This outstanding Xuande covered bowl, superbly painted in vivid cobalt blue with the Buddhist emblems bajixiang and lotus blooms, was formerly in two of the most remarkable collections of Chinese ceramics, those of Edward T. Chow (1910-1980) and T.Y. Chao (1912-1999). Only one other example of this form with a cover, but decorated with a different motif, is preserved in private hands. Following the successful sale of the exceptional Xuande barbed bowl last season, the reappearance of this bajixiang covered bowl on the market after thirty years is a moment of celebration.


An Extremely Fine and Rare Blue and White 'Bajixiang' Bowl and Cover, Marks and Period of Xuande (1426-1435); Overall height 10.7 cm. Estimate HK$35,000,000 - 55,000,000 / US$4,500,000 – 7,000,000 Courtesy Sotheby's.


The sale consists of three outstanding masterpieces of Chinese art from the Ming and Qing dynasties acquired from the 60s to 80s, all with extensive provenance: an exceptional Xuande-marked porcelain jar painted in rich tones of cobalt-blue with a pair of makaras, included in the 1968 Oriental Ceramics Society exhibition, a magnificent Yongzheng period cloisonné enamel tianqiuping decorated with a three-clawed dragon, and a superb Qianlong period zitan box carved with dragons and phoenix.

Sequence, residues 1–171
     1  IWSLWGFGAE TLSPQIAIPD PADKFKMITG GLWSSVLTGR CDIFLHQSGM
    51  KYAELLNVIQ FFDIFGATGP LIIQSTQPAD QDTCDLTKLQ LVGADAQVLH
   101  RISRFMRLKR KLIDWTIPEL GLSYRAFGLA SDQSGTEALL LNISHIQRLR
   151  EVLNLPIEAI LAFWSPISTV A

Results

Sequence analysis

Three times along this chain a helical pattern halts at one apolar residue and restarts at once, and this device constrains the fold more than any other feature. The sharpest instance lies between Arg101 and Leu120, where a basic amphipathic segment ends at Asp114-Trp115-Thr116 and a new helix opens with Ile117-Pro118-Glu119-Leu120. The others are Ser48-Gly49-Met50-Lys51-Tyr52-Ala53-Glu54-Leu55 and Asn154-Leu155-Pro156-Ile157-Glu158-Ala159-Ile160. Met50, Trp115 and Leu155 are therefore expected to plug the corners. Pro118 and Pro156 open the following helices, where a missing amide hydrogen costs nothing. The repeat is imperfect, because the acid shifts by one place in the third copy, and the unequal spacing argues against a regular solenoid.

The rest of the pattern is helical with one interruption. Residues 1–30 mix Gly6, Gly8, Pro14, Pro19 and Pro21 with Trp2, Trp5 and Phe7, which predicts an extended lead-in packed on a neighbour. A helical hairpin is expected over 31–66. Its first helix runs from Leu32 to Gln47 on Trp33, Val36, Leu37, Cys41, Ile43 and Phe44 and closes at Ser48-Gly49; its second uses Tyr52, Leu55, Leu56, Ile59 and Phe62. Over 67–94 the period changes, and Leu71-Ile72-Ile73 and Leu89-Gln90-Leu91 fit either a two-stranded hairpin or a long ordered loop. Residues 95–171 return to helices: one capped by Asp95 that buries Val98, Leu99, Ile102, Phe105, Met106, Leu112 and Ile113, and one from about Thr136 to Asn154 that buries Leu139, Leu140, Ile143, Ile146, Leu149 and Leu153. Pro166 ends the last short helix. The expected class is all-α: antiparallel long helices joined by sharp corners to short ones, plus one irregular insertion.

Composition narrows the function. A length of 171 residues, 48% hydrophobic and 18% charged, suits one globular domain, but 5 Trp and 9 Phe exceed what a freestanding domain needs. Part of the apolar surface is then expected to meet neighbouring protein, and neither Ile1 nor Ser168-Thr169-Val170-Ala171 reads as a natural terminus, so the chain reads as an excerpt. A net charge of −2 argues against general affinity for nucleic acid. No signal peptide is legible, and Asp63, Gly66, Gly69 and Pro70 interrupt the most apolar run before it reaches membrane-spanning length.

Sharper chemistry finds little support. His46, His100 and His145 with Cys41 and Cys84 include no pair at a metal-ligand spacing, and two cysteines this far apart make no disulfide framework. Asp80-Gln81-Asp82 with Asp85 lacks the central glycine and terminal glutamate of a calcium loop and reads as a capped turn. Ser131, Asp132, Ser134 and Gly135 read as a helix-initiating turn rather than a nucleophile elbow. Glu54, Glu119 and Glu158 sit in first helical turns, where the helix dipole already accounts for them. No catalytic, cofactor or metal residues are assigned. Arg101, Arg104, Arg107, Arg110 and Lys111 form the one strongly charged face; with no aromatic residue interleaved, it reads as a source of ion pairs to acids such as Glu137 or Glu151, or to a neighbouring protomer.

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An Exceptional Blue and White 'Makara' Jar, Mark and Period of Xuande (1426-1435); Height 19 cm. Estimate HK$30,000,000 - 40,000,000 / US$3,800,000 – 5,100,000Courtesy Sotheby's.


The Important Chinese Art auction is a tightly curated assemblage of fine and rare porcelain and works of art with a particular focus on the Ming and Qing dynasties. Highlights of the sale include two treasures of the Qianlong period from a private collection: a superb white jade teapot skillfully adorned with a cloisonné enamel handle, together with an exquisite doucai and famille-rose moonflask painted with autumn blooms and inscribed with a corresponding poem. 


A Rare and Important White Jade and Cloisonne Enamel Ram-Head Teapot and Cover, Qing dynasty, Qianlong period; Overall height 18.5 cm Estimate HK$20,000,000 - 30,000,000 / US$2,600,000 – 3,800,000Courtesy Sotheby's.